Father’s Day

So, yeah, Father’s Day. My dad is in Arizona on a trip that has some meaning for him I can’t quite understand. He is, I think, slowly coming to terms with the fact that he can’t save his grand kids and my brother won’t.

Whatever salvation in this case would look like.

The church down the street from me has a sign that says “Happy Father’s Day. God made man in his own image.” Every time I drive by that sign, I want to go into that church and put my finger right into the chest of that minister and say “That’s a lie that hurts you.” Unless we assume that God was staring in His reflection in a puddle of water and reached through said reflection in order to grab the mud that made Adam. If men are just mud that has been shaped in water bearing the reflection of God, I can kind of accept that as an accurate belief.

That’s not what they mean, of course.

They mean something like that fathers are the tiny demi-gods of the house and should be treated as such.

The rare moments when my dad is just a man are when I like him best.

And I feel like fighting with him, when we both so aware that he’s living in time his father and brothers never had, seems so pointless.

I don’t want my last words with my dad to be angry.

I’m not happy with him, but I’m not going to fight with him, either.

I have no faith in his god and no love for the idea that my dad is a miniature version of him.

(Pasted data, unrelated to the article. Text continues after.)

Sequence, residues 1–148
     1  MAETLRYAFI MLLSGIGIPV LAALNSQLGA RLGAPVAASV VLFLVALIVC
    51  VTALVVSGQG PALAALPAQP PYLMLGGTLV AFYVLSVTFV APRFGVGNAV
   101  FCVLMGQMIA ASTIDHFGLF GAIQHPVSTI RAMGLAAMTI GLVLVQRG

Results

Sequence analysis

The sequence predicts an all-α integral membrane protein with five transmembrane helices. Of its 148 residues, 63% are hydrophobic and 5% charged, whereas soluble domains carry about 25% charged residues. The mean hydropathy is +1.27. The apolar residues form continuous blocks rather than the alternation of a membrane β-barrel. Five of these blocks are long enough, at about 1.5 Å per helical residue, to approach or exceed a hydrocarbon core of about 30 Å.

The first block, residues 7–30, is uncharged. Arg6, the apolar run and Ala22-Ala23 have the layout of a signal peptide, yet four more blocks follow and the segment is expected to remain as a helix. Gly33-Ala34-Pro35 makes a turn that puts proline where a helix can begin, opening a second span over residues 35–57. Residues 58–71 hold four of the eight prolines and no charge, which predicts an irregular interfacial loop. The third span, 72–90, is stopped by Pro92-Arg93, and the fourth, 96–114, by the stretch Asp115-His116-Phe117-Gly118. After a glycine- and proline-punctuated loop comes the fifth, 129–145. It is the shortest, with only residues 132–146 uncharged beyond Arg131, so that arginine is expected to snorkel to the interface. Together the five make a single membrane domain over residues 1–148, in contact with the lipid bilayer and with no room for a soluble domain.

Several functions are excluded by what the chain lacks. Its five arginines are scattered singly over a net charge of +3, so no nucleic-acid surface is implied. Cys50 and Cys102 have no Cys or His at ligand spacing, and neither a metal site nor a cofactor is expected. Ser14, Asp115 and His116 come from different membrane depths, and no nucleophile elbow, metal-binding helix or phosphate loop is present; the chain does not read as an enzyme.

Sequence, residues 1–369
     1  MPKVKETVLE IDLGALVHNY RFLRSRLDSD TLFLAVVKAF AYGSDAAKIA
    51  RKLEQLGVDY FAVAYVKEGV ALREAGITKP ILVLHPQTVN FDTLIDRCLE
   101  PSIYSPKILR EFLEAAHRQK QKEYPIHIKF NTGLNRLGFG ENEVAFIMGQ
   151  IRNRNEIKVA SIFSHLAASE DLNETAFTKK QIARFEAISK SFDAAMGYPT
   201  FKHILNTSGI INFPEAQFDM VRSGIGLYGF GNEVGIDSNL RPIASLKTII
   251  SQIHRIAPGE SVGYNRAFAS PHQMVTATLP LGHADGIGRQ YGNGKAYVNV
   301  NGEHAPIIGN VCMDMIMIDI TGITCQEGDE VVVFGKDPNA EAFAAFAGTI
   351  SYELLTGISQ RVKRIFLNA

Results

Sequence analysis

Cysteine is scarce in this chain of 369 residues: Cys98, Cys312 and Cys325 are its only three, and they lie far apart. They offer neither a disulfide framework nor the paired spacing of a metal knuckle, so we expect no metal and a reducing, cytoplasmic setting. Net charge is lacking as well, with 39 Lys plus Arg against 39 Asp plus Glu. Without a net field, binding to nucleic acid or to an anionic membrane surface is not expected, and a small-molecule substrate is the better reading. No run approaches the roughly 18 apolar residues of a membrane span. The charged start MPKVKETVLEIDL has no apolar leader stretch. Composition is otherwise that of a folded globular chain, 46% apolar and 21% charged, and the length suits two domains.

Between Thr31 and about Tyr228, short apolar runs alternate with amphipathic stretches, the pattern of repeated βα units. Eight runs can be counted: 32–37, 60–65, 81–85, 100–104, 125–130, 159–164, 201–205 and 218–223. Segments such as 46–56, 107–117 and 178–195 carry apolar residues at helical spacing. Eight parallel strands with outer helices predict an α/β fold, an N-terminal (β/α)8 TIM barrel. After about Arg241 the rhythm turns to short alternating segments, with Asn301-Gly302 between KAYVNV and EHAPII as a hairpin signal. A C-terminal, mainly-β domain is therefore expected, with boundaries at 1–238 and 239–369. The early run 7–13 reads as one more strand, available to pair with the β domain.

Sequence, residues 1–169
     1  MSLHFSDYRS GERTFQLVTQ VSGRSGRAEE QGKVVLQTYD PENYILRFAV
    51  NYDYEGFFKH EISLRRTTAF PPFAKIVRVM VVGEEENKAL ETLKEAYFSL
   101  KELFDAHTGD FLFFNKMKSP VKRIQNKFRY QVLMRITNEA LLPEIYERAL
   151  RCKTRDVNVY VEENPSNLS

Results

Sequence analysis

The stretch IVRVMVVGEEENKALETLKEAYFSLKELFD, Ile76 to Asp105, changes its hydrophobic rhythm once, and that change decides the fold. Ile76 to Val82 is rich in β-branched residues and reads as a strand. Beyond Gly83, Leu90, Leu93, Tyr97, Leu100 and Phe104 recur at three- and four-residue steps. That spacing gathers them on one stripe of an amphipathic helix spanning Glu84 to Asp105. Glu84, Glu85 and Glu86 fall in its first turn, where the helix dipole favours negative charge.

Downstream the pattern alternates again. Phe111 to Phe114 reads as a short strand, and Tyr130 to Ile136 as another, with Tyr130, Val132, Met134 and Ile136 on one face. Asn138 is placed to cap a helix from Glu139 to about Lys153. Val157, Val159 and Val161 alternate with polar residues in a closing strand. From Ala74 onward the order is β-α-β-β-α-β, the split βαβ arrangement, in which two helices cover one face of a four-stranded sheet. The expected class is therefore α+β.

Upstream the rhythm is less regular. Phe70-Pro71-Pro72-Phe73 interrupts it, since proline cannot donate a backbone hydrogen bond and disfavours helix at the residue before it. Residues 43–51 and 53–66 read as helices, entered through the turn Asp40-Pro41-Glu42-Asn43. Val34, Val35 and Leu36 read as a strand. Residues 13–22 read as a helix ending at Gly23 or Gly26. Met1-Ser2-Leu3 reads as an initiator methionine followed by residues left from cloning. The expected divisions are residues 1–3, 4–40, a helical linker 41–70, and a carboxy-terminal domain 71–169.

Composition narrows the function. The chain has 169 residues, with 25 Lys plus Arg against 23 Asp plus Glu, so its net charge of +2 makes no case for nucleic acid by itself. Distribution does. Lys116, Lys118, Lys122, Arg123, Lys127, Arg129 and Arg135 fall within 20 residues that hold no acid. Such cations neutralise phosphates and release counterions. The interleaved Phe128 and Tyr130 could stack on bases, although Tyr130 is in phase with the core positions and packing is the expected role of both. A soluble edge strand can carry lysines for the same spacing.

But I count on the power of the words of my god, to bring him safely back. Someday his luck will run out. There is no escaping that.

Just give us as much time as we can get.

Happy Father’s Day, Dad. I love you.

3 thoughts on “Father’s Day

  1. i have a conflicted relationship with my father, too, and I really like how you’ve just put that into words.

    So much of Father’s Day as it’s marketed is about The Best Dad in the World, and pretty much none of us experienced THAT dad. It’d be so much easier if there were more support for enjoying what we can, of the dad’s we did get, as they really are, unidealized.

    Mothers too, for that matter.

  2. I don’t believe that passage means God made demi-gods, literally or figuratively. If one accepts the notion of God as divine, it’s just as plausible to think that God made “man”kind in his image: a copy and not the original. So we were “made” as human, what God intended to be corporeal; (him)self, living and loving and sinning and dying on Earth. But human, with our foibles. And with partners, with whom we can try to figure out how to return to God.

    I tend to skip all the gendered bullshit, obvs.

  3. What *I* mean/think of with relation to “made in God’s image” is this: all of us, with all our physical differences and our unique ways of living, have God’s grace in us in some measure. Your experience may or may not match up with that idea, but for me it makes it easier to combat my judgmental tendencies.

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